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December 2017

In the magazine
Only available in print
  • The Televisual Commercials 30
    Jon Creamer introduces Televisual's exclusive annual report, the Commercials 30, and finds that while budgets are down and production companies are under threat from agency in-house units, commercials producers are finding new horizons beyond ads too.
  • Commercials 30: Best in Show
    Commercials producers also get to vote for their favourite directors, stand out ads and top rated agencies along with their favourite post houses, editors and vfx ops. We reveal the results
  • Commercials 30: The Top 30
    Televisual reveals the Commercials 30 itself, the 30 top rated commercials production companies in the UK
  • Music in Motion
    So what’s next for the music behind the commercials? Will it be another year in the ascendant for London Grime perhaps? Portugese house? Afro beats or the Angolan kuduro sound?
  • Televisual Factual Festival report
    Last month saw Televisual's annual Factual Festival return to Bafta. How to stand out in a world of ever increasing viewer choice was the big theme this time. Tim Dams reports
  • Alison Kirkham in interview
    At the Televisual Factual Festival, the BBC's controller of factual Alison Kirkham outlined the shows the corporation is looking for in the year ahead
From the magazine
Available to read online
  • 2017: the year in review
    Two very different stories – the rise of SVOD players and the Harvey Weinstein abuse allegations – defined TV’s year. Tim Dams reports
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Production 100 2011 Back to Reports & survey Listing

Challenges and concerns for 2012
A shapshot of Production 100 feedback from indies about the issues facing them in the year ahead

Falling budgets
Once again falling budgets top the list of indie concerns, the third year in a row. Indies big and small, from Endemol to DLT Entertainment, Back2Back and Fresh One cite falling or tight budgets as their biggest challenge. “The squeeze on budgets is very real and yet the best talent still commands top rates. Something’s got to give,” says Oxford Scientific. Blakeway says indies are having to upgrade technology “without any enhancement in budgets.” Many worry about the cuts in funding at the BBC.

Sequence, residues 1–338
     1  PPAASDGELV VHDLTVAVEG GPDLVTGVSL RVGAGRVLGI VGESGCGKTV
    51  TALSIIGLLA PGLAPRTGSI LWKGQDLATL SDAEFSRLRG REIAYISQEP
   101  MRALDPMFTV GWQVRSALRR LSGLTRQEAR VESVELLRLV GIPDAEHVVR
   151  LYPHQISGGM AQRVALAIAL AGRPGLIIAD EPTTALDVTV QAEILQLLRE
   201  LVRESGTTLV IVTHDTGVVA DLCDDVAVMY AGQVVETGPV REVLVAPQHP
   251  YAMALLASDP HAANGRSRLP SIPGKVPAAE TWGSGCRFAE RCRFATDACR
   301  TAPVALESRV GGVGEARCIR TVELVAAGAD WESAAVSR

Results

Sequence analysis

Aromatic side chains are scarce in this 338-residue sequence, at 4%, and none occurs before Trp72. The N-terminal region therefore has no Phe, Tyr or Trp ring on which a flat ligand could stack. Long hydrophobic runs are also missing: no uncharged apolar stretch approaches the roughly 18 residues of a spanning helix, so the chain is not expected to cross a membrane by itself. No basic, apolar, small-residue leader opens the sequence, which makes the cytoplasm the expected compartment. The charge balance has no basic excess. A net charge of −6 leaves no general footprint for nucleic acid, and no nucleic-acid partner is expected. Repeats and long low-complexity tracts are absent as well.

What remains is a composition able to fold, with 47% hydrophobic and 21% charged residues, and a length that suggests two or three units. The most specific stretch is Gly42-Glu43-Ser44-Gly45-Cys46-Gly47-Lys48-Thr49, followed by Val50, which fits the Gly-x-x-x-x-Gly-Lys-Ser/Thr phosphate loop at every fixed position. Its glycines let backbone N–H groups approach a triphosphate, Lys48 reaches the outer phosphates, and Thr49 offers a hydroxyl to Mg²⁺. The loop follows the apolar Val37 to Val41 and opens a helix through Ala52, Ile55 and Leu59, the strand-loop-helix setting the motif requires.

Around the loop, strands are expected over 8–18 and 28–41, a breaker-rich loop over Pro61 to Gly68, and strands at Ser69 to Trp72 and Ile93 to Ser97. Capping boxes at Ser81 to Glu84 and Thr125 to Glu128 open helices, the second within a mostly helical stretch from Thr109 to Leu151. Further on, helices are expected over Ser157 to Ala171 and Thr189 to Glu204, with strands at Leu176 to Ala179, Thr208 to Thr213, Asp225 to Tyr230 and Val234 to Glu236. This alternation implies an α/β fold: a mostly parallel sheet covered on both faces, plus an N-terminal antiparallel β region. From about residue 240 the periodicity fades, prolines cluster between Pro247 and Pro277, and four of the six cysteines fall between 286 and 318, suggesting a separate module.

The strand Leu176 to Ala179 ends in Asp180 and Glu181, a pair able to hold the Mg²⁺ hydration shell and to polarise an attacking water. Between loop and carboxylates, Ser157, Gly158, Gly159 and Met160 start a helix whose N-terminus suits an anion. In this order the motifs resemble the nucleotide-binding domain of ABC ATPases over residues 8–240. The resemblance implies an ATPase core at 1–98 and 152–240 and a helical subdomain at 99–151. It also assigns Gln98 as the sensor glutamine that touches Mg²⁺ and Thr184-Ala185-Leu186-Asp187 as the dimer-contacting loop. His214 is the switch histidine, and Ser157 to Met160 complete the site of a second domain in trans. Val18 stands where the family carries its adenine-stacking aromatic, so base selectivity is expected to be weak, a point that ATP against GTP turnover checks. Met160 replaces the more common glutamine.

It’s all about “commissions, commissions, commissions” says Thumbs Up. Like Lambent, many want “series that return”. Cicada Bellwether also would like to “continue getting series rather than one offs commissioned.”

Retaining rights

“Hanging onto rights in an increasingly aggressive, post terms of trade broadcast culture,” is a challenge cited by Nerd TV that’s shared by many indies. “We’re having to deficit fund content but the broadcasters are taking more rights and a higher share of the profit,” says TalkbackThames. Googlebox says it wants to “continue securing commissions with reasonable margins and the ability to retain rights and back end.”

“Containing company costs and managing cash flow as some broadcasters are paying late,” is a challenge for Off the Fence. Hardcash wants broadcasters to “speed up the period from green light to actually triggering the cash flow on a project.” Superindies “It’s tough to compete with the superindies and their deep pockets,” says Outline Productions. Likewise, Reef TV cites the “dominance and power within the independent production sector by the superindies” as a key challenge.

Managing growth
Nutopia worries about “managing growth and putting systems in place which still retain a fun, creative small company environment.” Magnum Media and Rival Media both say managing growth is a priority, as does Firecracker which also wants to grow while “retaining the Firecracker brand values.”

Deficit finance

It’s “getting harder to pull together co-productions”, says Atlantic with US broadcasters in particular wanting to fully own shows to play on their global channels. Twofour says finance models are “more complex”. Impossible Pictures says “the commercial effort and cost required to raise finance and maintain liquidity of productions only increases.”


“Finding and retaining key talent on and off screen,” is a big issue for Icon Films. Splash Media says it’s a challenge to be able to hire “the industry’s best.” Development Because of the minimal profit margins available from network tariffs, “it’s difficult to maintain sufficient funding for talent and idea development,” says Modern TV.

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